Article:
There are other questions. Will Iran take sides and step into the fray? It’s worth to note that Qatar is not the only Arab country willing to normalize the relations with Tehran. It’s hard to talk about a united front of Arab states against Iran. Oman and Iran share close diplomatic, economic, and military ties. Kuwait has close relations with Iran. Should Muscat and Kuwait City be ostracized too?
Ankara has called for dialogue to resolve the dispute. It has a good reason to be concerned over what happened, as well as a powerful incentive to step in as a mediator.
Turkey has been expanding its relations with Qatar. President Recep Tayyip Erdogan and Qatari Emir Tamim bin Hamad Al Thani address each other as "brother." In 2014, the countries set up a bilateral cooperation and consultation group called the Turkey-Qatar High Strategic Committee and forged agreements on military training, the defense industry and deploying Turkish military in Qatari territory. Over a year ago, Turkey opened a military base in Qatar, demonstrating Ankara’s move toward greater influence in the region and Qatar’s independence from its powerful neighbors.
The new Turkish base is expected to house more than 3,000 people, including ground troops, special operations teams and military trainers. The base further diversifies Doha’s web of defense partners and provides more states with higher stakes in the Qatar’s security. It has been reported that a defense agreement exists promising Turkey’s support in case Qatar is attacked. Turkey is also expected to export to Qatar $2 billion worth of armored vehicles, radars and drones, as well as assorted military equipment for communications, night/thermal optics and other uses.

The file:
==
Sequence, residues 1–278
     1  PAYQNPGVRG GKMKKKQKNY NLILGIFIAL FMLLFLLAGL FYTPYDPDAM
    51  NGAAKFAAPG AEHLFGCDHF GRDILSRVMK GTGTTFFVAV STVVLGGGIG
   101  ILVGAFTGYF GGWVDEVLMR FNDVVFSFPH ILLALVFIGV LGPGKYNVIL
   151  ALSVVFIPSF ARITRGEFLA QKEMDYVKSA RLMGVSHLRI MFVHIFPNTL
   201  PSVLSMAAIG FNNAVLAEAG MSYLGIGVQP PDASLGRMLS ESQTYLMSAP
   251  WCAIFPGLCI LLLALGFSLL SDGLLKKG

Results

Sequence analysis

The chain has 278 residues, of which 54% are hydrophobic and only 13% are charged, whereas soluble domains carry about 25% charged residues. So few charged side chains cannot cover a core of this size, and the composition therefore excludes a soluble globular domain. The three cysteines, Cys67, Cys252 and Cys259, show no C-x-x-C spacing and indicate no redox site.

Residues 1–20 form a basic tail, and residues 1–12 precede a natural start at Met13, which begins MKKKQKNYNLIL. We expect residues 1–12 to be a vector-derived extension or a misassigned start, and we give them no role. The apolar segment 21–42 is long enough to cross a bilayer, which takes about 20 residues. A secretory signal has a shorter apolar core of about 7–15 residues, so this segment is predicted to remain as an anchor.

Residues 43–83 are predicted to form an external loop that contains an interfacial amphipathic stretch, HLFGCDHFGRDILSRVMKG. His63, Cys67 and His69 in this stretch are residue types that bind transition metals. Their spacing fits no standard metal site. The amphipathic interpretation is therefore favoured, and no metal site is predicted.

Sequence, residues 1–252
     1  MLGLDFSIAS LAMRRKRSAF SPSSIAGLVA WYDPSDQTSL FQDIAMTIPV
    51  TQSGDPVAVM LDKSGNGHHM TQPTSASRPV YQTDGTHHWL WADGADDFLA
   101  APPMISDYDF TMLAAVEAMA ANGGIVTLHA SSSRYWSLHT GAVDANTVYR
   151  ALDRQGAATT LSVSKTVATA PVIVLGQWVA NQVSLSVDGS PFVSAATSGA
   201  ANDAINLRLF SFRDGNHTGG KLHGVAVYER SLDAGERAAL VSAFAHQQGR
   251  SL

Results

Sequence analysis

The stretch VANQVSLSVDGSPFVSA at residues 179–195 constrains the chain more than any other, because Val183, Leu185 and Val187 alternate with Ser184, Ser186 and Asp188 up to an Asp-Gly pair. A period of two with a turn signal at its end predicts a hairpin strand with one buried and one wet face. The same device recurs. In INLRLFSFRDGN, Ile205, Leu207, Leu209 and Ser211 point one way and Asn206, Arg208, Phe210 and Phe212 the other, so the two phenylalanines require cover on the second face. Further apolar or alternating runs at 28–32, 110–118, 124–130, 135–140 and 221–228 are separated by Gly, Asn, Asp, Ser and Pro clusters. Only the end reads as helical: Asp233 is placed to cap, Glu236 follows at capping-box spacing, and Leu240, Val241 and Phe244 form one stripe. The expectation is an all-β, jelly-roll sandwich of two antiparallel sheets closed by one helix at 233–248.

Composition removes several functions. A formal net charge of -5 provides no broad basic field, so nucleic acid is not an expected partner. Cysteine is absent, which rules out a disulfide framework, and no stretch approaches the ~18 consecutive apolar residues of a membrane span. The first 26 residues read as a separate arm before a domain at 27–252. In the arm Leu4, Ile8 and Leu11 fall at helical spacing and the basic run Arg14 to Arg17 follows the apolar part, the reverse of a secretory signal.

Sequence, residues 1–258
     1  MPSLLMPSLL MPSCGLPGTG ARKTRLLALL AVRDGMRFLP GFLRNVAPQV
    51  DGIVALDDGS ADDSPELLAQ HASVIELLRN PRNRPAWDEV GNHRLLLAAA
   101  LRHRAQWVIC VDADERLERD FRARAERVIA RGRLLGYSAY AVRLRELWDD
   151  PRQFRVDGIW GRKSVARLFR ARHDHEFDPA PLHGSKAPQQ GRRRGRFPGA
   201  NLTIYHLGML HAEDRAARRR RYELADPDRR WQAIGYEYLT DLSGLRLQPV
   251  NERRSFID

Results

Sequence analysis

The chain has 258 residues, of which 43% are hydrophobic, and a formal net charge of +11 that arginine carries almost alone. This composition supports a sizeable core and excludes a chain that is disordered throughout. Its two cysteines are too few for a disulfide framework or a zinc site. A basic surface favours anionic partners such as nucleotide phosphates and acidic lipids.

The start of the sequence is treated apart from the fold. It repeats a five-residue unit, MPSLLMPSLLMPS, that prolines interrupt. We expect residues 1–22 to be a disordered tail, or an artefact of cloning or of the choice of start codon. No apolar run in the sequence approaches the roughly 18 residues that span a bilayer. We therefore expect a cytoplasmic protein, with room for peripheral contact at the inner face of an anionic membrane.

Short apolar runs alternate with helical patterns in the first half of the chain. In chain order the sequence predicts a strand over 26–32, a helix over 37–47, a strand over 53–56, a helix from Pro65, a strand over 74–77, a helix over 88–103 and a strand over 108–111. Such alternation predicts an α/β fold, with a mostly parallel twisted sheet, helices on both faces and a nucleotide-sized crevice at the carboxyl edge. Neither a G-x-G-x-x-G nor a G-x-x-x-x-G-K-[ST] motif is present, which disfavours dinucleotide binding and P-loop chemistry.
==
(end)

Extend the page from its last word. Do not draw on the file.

It shows that Qatar is far from being isolated as it enjoys the support of Turkey – a large Sunni Muslim state with the population of 75 million. Two members of the GCC – Oman and Kuwait – have not joined the anti-Qatar campaign. The US will hardly side with the Saudi Arabia-led group of states as it has great interest in military cooperation with Doha.
The deepening crisis is to dash all hopes of creating anything like an Arab NATO. In the midst of crisis between Iran and Saudi Arabia the internal conflict between Arab states is the last thing such an alliance needs. Perhaps, a deal between the Saudi-led Arab states and Iran would be the best way out of the situation. An impartial broker is needed to launch the process.
As the recent Donald Trump’s visit to the Middle East showed, the US has taken sides. It played the war card with the weapons deal. Turkey does not belong to the Arab world but it’s a Sunni Muslim state.
Russia is neutral and enjoys good working relations with all sides of the conflict. The phone conversation between Russian Foreign Minister Sergey Lavrov and his Qatari counterpart, Mohammed bin Abdulrahman al-Thani, took place soon after the news about the diplomatic rift was announced and was initiated by Qatar. The Russian Minister said that difficulties should be overcome at the negotiating table through a dialogue based on mutual respect. The very fact that Qatar approached Russia on the very same day the break-up of the relations was made public is very indicative demonstrating the political clout Moscow enjoys in the Middle East. Russian President Putin and Turkish President Erdogan also discussed the issue on June 5. The process of mediation with Moscow playing a key role has started.